Saturday night was, by almost all accounts, a strong night for UFC, with an entertaining show on its largest platform, the FOX network. The show was headlined by former middleweight champion Chris Weidman beating Kelvin Gastelum via third -ound submission in the company's debut at the Nassau Coliseum, just a few minutes from where Weidman grew up on Long Island, N.Y.
Chris "Donovan" Dijak, who was one of a group of wrestlers that included Bobby Fish and Kyle O'Reilly, that WWE pulled contract offers from after legal threats from ROH back in January, is headed to WWE like the aforementioned pair. Dijak said on the New Age Insiders podcast that he will be finishing up his independent bookings and has since listed that various shows over the next month will be his final events working with different promotions.
The pay-per-view industry is predicting record numbers for next month’s Floyd Mayweather vs. Conor McGregor fight. Las Vegas betting sites are putting the over/under at 5 million buys and those involved with the show are touting significantly higher numbers. But the other end of the pay-per-view industry is soft, with the three most recent major events being projected to do less than 150,000 buys.
Muck Rack makes it simple to find people, tweets, or articles that mention any name, keyword, company, hashtag etc. We've compiled this guide to help you make the most of your search.
Selecting a term
Start searching tweets, articles from media outlets, articles mentioned in tweets, journalists'
names, titles and bios with some suggested searches:
Companies or Topics (e.g. iPhone, Microsoft)
Phrases (e.g. "cloud computing") — use quotes to keep the terms together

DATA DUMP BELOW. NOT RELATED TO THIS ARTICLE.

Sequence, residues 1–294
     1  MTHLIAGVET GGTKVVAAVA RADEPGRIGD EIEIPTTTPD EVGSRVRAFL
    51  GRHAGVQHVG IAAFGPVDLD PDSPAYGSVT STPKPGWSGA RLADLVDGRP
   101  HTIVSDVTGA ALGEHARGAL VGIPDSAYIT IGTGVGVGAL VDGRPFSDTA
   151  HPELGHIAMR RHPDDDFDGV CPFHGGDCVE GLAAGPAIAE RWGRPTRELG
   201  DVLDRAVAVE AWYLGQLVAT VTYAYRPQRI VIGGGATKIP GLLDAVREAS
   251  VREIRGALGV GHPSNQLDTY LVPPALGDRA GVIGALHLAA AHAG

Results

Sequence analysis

Twitter handles (e.g. @username) — returns those who have mentioned or replied to
Names (e.g. "David Pogue")
Hashtags (e.g. #sxsw, #london2012)
Bio details (e.g. vegan, Olympics, father)
Muck Rack's Advanced Search allows for many boolean operators.
Find results that mention multiple specified terms, use AND or
+. For example, ensure each result contains both Elon Musk and Mark Zuckerberg by
searching Obama AND Romney or Obama + Romney.
Use the operators OR or , to broaden your search when you'd like either of
multiple terms to appear in results. (This is the default behavior of our search when no operators
are used.) For example, search for democrat OR republican to find results that refer to
Democrats and/or Republicans.
Use NOT or - to subtract results from your search. For
example, searching Disney will yield results about the Walt Disney Company as well as Walt Disney
World Resort. To exclude mentions of Disney World, search for Disney -World or Disney
When using one of these operators with a phrase, enclose it in quotation marks. For example, you can
find results about smartphones excluding Apple's iPhone 4S by searching smartphone -"iPhone
Exact case matching or punctuation
If you're searching for a brand name or keyword that relies on specific punctuation marks or capitalization, you can
find results that match your exact query by adding matchcase: before the keyword you're searching for, like matchcase:E*TRADE .
Use parentheses to separate multiple
boolean phrases. For example, to find journalists talking about having fun in Disney World or
Disneyland, search for ("disney world" OR disneyland) AND fun.
An asterisk can be used to search for any variation of a root word truncated by the asterisk. For example, searching for admin* will return results for administrator, administration, administer, administered, etc.
A near operator is an AND operator where you can control the distance between the words. You can vary the distance the near operation uses by adding a forward slash and number (between 0-99) such as strawberries NEAR/10 "whipped cream", which means the strawberries must exist within 10 words of "whipped cream".